IS  - 0025-7974 (Linking)
VI  - 97
IP  - 13
DP  - 2018 Mar
TI  - Next-generation sequencing provides an added value in determining drug resistance
      and viral tropism in Cameroonian HIV-1 vertically infected children.
PG  - e0176
LID - 10.1097/MD.0000000000010176 [doi]
AB  - With limited and low-genetic barrier drugs used for the prevention of
      mother-to-child transmission (PMTCT) of HIV in sub-Saharan Africa, vertically
      transmitted HIV-1 drug-resistance (HIVDR) is concerning and might prompt optimal 
      pediatric strategies.The aim of this study was to ascertain HIVDR and
      viral-tropism in majority and minority populations among Cameroonian vertically
      infected children.A comparative analysis among 18 HIV-infected children (7 from
      PMTCT-exposed mothers and 11 from mothers without PMTCT-exposure) was performed. 
      HIVDR and HIV-1 co-receptor usage was evaluated by analyzing sequences obtained
      by both Sanger sequencing and ultra-deep 454-pyrosequencing (UDPS), set at 1%
      threshold.Overall, median (interquartile range) age, viremia, and CD4 count were 
      6 (4-10) years, 5.5 (4.9-6.0) log10 copies/mL, and 526 (282-645) cells/mm,
      respectively. All children had wild-type viruses through both Sanger sequencing
      and UDPS, except for 1 PMTCT-exposed infant harboring minority K103N (8.31%),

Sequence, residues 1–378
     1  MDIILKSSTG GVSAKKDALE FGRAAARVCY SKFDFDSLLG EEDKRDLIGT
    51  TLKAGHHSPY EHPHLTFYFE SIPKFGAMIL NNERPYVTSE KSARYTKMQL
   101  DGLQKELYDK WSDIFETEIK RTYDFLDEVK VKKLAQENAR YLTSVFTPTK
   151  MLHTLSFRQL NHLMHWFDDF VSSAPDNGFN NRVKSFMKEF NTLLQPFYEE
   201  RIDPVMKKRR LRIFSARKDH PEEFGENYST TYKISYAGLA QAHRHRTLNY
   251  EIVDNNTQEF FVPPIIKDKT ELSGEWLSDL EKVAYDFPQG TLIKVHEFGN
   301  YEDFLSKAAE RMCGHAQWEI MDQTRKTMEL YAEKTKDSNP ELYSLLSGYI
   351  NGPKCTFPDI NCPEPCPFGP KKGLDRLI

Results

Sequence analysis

born to a mother exposed to AZT+3TC+NVP. X4-tropic viruses were found in 5 of 15 
      (33.3%) children (including 2 cases detected only by UDPS). Rate of X4-tropic
      viruses was 0% (0/6) below 5 years (also as minority species), and became
      relatively high above 5 years (55.6% [5/9], P = .040. X4-tropic viruses were
      higher with CD4 </=15% (4/9 [44.4%]) versus CD4 >15% (1/6 [16.7%], P = .580);
      similarly for CD4 </=200 (3/4 [75%]) versus CD4 >200 (2/11 [18.2%] cells/mm, P = 
      .077.NGS has the ability of excluding NRTI- and NNRTI-mutations as minority
      species in all but 1 children, thus supporting the safe use of these drug-classes
      in those without such mutations, henceforth sparing ritonavir-boosted protease
      inhibitors or integrase inhibitors for the few remaining cases. In children under
      five years, X4-tropic variants would be rare, suggesting vertical-transmission
      with CCR5-tropic viruses and possible maraviroc usage at younger ages.
FAU - Fokam, Joseph
AU  - Fokam J